310-1Drivers of cyanobacterial diversity and community composition in mangrove soils in southeast Brazil
Autores:Janaina Rigonato (IBILCE-UNESP - Instituto de Biociências, Letras e Ciências Exatas - UNESP) ; Angela D. Kent (UI-UC - University of Illinois at Urbana-Champaign) ; Danillo O. Alvarenga (CENA/USP - Centro de Energia Nuclear na Agricultura) ; Fernando D. Andreote (ESALQ - Escola Superior de Agricultura "Luiz de Queiroz") ; Raphael M. Beirigo (ESALQ - Escola Superior de Agricultura "Luiz de Queiroz") ; Pablo Vidal-torrado (ESALQ - Escola Superior de Agricultura "Luiz de Queiroz") ; Marli F. Fiore (CENA/USP - Centro de Energia Nuclear na Agricultura)


Cyanobacteria act as primary producers of carbon and nitrogen in nutrient-poor ecosystems such as mangroves. This important group of microorganisms plays a critical role in sustaining the productivity of mangrove ecosystems, but the structure and function of cyanobacteria assemblages can be perturbed by anthropogenic influences. The aim of this work was to assess the community structure and ecological drivers that influence the cyanobacterial community harbored in two Brazilian mangroves soils, and examine the long-term effects of oil contamination on these keystone species. For these purposes, mangrove superficial soil from both localities was collected in August 2008, in three different sites into the mangrove (near shore, middle of the mangrove and near the forest). Total DNA was extracted using MoBio kit, following manufacturer instructions. Cyanobacterial 16S rRNA gene was evaluated by means of culture-independent molecular techniques such as PCR DGGE, clone libraries and qPCR. Community DGGE fingerprinting results showed that, although cyanobacterial communities are distinct between the two mangroves, the structure and diversity of the assemblages exhibit similar responses to environmental gradients. In each ecosystem, cyanobacteria occupying near-shore areas were similar in composition, indicating importance of marine influences for structuring the community. Analysis of 16S rRNA sequences revealed the presence of diverse cyanobacterial communities in mangrove sediments, with clear differences among mangrove habitats along a transect from shore to forest. While near-shore sites in both mangroves were mainly occupied by Prochlorococcus and Synechococcus genera, sequences retrieved from other mangrove niches were mainly affiliated with uncultured cyanobacterial 16S rRNA. The most intriguing finding was the large number of potentially novel cyanobacteria 16S rRNA sequences obtained from a previously oil-contaminated site. The abundance of cyanobacterial 16S rRNA sequences observed in sites with a history of oil-contamination was significantly lower than in the unimpacted areas. This study emphasized the role of environmental drivers in determining the structure of cyanobacterial communities in mangrove soils, and suggests that anthropogenic impacts may also act as ecological filters that select cyanobacterial taxa. These results are an important contribution to our understanding of the composition and relative abundance of previously poorly described cyanobacterial assemblages in mangrove ecosystems.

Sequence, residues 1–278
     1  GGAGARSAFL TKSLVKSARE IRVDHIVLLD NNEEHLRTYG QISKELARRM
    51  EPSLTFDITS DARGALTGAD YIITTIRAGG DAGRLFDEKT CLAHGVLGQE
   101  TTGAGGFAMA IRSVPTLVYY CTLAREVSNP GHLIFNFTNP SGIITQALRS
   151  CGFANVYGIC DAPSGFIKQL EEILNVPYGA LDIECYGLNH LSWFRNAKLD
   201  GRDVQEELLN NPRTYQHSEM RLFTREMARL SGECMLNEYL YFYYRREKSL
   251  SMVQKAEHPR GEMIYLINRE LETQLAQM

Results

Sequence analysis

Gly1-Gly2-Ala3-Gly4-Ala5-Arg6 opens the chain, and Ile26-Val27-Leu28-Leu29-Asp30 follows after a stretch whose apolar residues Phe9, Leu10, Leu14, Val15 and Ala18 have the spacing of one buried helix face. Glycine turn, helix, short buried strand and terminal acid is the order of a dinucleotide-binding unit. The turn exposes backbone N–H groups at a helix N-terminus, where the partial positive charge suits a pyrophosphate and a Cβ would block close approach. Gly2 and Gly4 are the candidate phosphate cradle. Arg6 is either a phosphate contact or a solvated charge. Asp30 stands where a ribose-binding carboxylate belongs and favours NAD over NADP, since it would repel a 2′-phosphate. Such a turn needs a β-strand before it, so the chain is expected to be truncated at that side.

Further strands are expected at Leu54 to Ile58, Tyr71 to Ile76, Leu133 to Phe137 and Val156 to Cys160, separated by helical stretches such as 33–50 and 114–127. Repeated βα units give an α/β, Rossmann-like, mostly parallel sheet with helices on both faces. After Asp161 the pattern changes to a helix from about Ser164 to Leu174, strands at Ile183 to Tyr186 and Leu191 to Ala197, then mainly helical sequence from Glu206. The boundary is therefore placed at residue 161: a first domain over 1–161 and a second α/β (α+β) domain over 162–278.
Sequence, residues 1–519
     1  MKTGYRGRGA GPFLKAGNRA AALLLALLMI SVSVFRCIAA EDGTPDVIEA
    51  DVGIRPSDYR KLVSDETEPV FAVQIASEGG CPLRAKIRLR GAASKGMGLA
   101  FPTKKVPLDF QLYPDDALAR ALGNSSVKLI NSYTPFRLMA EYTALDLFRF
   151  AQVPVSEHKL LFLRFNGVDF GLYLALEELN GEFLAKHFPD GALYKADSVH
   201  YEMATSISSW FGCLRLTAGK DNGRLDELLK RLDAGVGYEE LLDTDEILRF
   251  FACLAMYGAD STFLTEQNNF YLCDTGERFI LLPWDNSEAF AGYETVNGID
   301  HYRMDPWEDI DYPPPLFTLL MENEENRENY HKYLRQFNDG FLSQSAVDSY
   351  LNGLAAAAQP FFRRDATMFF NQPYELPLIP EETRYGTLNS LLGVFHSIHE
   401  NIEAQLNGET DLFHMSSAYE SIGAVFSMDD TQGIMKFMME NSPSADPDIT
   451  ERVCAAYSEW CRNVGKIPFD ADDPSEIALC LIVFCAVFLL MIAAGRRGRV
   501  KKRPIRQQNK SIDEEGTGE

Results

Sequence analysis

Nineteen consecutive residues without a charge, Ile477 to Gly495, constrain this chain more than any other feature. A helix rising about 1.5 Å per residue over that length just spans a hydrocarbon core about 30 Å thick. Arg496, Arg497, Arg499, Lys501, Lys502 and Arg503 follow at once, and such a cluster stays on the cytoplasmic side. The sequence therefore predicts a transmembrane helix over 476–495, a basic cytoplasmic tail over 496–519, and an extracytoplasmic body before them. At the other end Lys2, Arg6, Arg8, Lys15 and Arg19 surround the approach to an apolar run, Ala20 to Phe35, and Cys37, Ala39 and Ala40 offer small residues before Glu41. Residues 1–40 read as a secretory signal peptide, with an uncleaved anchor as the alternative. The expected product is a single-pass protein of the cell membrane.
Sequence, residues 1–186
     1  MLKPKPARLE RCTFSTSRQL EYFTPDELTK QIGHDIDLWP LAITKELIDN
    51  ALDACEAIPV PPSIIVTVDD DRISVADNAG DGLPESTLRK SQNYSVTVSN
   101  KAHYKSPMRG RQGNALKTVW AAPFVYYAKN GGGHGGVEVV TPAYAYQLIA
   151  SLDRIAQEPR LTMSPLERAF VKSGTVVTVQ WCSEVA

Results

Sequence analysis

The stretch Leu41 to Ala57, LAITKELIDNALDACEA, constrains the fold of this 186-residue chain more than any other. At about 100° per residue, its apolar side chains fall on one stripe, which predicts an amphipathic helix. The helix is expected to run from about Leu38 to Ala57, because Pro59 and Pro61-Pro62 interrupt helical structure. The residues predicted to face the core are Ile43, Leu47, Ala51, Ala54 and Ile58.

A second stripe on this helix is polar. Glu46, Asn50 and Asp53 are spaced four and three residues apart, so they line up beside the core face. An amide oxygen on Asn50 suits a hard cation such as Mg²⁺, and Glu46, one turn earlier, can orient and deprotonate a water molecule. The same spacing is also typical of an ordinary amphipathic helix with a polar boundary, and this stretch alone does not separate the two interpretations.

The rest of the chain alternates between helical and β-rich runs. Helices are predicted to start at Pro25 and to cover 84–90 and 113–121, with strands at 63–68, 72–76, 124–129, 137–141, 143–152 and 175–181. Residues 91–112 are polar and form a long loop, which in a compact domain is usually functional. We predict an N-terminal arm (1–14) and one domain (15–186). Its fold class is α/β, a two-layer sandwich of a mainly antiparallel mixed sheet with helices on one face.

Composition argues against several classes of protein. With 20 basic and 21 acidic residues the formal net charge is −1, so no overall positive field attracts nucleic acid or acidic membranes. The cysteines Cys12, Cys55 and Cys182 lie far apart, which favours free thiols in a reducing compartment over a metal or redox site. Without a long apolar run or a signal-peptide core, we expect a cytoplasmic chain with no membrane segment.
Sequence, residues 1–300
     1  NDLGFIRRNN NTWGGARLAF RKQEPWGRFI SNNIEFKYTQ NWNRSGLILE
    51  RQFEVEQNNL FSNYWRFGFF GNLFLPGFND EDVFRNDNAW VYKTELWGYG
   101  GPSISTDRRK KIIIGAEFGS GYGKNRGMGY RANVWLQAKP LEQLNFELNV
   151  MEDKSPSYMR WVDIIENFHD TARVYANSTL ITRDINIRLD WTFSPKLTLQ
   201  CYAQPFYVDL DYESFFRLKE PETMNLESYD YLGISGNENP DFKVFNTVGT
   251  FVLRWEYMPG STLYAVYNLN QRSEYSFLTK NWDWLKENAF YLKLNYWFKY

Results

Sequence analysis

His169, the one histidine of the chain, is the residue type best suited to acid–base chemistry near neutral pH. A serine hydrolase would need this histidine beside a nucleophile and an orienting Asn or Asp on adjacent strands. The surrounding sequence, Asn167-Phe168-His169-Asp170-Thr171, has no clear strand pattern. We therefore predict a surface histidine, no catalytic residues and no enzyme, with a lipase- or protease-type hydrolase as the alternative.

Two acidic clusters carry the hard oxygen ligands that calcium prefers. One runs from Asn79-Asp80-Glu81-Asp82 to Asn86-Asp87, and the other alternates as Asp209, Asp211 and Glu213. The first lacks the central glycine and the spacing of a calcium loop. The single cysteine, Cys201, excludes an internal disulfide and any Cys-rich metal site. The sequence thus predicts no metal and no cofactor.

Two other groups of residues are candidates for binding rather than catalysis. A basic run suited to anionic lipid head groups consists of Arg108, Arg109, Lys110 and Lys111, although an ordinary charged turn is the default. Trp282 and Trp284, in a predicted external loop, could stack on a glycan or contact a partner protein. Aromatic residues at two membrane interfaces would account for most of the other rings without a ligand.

Palavras-chave:  Microbial community ecology, anthropogenic impacts, habitat filtering, cyanobacterial diversity